I had heard last year that there was a WW II submarine landlocked in Muskogee, OK near the Arkansas River. So, I set out Friday June 8th to go searching for it.
Normally when I head south from the KC, MO area I hit US 71 or Hwy 13 for a fast ride to the Ozarks. But this time I have decided to take the trip into South Missouri using secondary roads almost exclusively. I have been traveling on my bike since I purchased it new back in 2002 but it wasn’t until I found the Adventure Rider website that I learned to appreciate exploring secondary asphalt with sometimes a little gravel thrown in.
I started my journey from Excelsior Springs, MO by way of 10 hwy, O hwy, T hwy, and then H hwy into Henrietta, MO. This short route to hwy 13 is about as scenic as it gets in this part my home area with lots of curves and hills which run along the Missouri river bluffs.
Just before entering Henrietta, MO I saw this old shed sitting in the middle of a field of crops. I stopped and took a few photos and as I was about to leave a pickup stopped in the road next to me. The man driving the truck appeared to be in his upper 30’s or so asked me if I was alright. I told him yes and that I was traveling to Oklahoma and was taking a few scenic photos along the way. The man in the truck then replied “You sure picked the wrong place to stop, why are you taking pictures of my meth lab anyway?” It was funny after I realized he was just kidding.
One of the neat things about traveling this way is the interesting and sometimes strange folks you meet along the way.
I don’t know much about Henrietta, MO other than it has a population of less than 500 people and sits along side of a railroad track. There is a large track switching area nearby so this must just be another old rail road town. There seemed to be several old depots in town that had been converted to one business type or another.
This is an old building that sits in town and looks like it could have been an old depot at one time.
Leaving Henrietta, MO I jumped on hwy 13 for a quick ride over the Missouri river and across I-70. Turned right on U hwy for several miles then turned south on hwy 131. I then kept going south on B hwy thru Quick City, MO where I picked up K hwy in Urich, MO to a little place called Germantown, MO.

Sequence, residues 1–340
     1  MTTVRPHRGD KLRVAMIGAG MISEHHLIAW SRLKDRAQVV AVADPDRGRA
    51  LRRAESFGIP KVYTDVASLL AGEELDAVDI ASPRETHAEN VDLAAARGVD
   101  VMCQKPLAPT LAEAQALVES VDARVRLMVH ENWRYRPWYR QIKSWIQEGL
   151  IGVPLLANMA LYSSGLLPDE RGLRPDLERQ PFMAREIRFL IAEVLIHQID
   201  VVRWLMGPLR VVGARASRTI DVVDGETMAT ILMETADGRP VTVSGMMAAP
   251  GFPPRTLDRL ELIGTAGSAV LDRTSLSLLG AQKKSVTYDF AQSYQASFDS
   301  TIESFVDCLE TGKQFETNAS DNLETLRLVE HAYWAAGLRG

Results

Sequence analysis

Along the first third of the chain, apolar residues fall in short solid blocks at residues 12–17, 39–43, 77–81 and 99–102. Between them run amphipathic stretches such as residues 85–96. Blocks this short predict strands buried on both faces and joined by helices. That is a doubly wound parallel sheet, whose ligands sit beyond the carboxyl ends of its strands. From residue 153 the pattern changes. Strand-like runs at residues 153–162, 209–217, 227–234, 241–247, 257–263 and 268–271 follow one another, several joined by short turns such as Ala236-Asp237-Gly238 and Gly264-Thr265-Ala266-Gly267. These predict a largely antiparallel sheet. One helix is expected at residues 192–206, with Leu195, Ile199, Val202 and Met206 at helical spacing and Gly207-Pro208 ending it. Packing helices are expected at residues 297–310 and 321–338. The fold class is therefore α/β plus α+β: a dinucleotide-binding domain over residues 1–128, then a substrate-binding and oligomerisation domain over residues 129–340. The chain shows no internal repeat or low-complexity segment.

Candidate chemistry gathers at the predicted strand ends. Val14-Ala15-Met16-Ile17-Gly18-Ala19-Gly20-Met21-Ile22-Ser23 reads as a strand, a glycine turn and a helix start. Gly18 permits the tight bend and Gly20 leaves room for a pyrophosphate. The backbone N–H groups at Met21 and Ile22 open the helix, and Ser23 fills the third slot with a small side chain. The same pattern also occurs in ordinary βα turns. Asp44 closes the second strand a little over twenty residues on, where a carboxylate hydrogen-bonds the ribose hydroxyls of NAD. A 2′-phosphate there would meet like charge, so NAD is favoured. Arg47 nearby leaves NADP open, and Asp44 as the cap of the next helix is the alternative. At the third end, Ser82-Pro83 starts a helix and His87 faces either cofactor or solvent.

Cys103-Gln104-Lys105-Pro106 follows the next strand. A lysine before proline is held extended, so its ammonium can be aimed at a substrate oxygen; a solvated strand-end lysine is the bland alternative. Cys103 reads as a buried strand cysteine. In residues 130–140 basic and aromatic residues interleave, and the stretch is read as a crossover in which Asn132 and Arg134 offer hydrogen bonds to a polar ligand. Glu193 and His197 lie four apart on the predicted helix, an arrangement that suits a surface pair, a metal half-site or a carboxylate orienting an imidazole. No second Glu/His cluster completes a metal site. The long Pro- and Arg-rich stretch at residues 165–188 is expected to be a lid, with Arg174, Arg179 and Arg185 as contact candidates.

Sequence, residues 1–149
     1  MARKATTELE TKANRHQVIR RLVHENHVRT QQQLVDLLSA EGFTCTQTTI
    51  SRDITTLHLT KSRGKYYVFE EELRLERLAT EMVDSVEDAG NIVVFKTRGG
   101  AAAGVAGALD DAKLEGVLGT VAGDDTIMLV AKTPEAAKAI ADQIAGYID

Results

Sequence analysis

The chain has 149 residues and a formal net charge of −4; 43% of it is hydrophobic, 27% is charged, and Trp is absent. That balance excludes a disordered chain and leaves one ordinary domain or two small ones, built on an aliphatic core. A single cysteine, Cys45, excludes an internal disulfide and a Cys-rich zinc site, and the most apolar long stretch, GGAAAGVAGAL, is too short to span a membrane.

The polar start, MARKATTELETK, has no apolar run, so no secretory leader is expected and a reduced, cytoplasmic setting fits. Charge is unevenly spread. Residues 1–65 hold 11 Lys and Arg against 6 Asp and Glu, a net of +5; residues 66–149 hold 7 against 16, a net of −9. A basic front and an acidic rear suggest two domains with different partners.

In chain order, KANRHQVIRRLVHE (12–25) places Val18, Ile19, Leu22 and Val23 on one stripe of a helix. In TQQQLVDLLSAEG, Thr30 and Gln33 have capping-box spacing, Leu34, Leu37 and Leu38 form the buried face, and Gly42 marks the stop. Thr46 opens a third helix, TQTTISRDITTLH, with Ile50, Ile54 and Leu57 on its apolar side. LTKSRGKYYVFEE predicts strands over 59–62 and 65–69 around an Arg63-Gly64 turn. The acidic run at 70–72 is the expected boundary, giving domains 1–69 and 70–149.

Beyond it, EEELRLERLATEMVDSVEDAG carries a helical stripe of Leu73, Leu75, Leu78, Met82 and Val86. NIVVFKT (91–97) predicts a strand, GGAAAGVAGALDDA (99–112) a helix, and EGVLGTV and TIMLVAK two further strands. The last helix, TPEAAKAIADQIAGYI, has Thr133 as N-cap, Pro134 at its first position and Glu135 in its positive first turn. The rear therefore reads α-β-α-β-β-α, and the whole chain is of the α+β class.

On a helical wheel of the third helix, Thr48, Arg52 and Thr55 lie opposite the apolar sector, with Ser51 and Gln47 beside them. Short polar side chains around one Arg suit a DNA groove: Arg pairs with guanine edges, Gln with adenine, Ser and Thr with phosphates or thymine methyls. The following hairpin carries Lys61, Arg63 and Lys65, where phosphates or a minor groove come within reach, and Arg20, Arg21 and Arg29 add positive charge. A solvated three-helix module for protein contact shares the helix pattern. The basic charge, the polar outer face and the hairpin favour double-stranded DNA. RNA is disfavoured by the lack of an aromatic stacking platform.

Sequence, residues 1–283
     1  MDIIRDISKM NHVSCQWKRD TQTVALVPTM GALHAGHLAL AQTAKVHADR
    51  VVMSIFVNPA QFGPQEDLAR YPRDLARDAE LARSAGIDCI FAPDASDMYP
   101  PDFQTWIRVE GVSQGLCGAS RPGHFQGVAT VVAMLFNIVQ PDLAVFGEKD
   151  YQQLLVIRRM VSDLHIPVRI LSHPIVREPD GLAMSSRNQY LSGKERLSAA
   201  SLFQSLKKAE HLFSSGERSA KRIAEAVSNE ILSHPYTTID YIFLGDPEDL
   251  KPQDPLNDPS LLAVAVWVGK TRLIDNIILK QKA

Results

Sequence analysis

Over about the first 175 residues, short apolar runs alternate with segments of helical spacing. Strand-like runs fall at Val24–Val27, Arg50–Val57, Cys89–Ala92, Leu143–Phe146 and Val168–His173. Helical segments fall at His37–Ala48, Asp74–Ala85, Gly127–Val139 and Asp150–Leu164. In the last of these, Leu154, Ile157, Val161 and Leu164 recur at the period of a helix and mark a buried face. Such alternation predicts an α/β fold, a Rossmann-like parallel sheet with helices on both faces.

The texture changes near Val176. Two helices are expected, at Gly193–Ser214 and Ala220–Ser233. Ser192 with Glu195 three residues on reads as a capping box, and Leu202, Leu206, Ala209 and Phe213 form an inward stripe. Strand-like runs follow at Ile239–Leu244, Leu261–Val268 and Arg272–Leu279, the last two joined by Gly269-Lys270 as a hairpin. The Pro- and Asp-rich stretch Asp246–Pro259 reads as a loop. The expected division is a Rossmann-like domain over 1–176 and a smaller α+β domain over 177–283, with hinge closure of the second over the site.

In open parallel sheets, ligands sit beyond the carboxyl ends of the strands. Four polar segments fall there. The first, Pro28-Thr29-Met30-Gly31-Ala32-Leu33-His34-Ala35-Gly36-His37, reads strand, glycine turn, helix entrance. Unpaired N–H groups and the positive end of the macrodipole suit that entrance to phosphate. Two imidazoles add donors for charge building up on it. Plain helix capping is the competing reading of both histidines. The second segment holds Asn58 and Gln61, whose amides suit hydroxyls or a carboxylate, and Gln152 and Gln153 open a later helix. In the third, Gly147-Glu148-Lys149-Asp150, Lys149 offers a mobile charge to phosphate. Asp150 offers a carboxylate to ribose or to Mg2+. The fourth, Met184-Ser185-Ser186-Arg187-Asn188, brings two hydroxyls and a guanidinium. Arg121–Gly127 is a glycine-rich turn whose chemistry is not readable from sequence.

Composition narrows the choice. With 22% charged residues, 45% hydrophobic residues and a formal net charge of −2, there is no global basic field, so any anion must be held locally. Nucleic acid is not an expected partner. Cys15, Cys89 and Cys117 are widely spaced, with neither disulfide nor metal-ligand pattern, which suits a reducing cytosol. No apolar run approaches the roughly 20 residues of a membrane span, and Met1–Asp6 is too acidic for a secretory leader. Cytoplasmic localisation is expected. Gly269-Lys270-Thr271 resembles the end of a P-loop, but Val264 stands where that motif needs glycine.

During my ride down hwy 131 I found a nice secluded gravel road over a small creek where I took a break. I grabbed some water and the camera from my pack and snapped a few photos of the area. These back country highways are nice because there always seems to be some sort of out of the way gravel road to turn down for a break.
After getting back onto K hwy south I passed thru Germantown, MO. The post office in this town was removed in 1883 and Germantown was considered dead as most of its population moved to nearby Montrose, MO.
There really was not much interesting about this little town which seemed to consist now of only a few farm houses and a church.
The church is what caught my eye because it looked a bit out of place in this rural setting.
It was a large brick structure and a very nicely built church!
The next leg of my journey took me down 54 hwy onto south 13 hwy for a quick ride thru Osceola, MO. Then hwy 82 west thru Roscoe, MO where I backtracked east a few miles on hwy 54 and picked up 39 hwy south to Mount Vernon, MO where I spent the night.
While on 39 hwy, I crossed an arm of Stockton Lake called Sons Creek. I did a ride report about a month or so ago where “FlashStromer” and I visited Sons Creek and we had a lot of fun riding thru the water over the road. For those that didn’t see it here is a refresher photo from this area on that ride.
This FlashStromer blasting his way thru the water!
The water is up even more at Sons Creek now. I stopped just across the bridge and took this photo of the area we were riding in last month. The line of trees going across the center of the photo marks the road we were riding thru the water on.
I don’t think even FlashStromer could get to that road now!
Miller, MO happens to be my home town (where I grew up anyway) and 39 hwy goes right thru it. It was getting late in the afternoon and I was more than a little hungry. So, I stopped at the Suzy Q for a cheese burger and fries.
It’s been 25 years since I have eaten at this place but the food is still pretty good.
My parents live in Mount Vernon, MO so the over night stay there helped keep the cost of my trip down and it was good to see them again.
In the morning its on too Oklahoma!
After a good nights rest I woke early and started studying my maps. This is also a new way for me to travel since all of my previous traveling was done strictly by GPS only. FlashStromer has gotten me interested in using the DeLORME Atlas and Gazetteer Topo maps. These maps have a really detailed road listing and with the built in GPS grid for use with a GPS unit, there is no way you could get lost.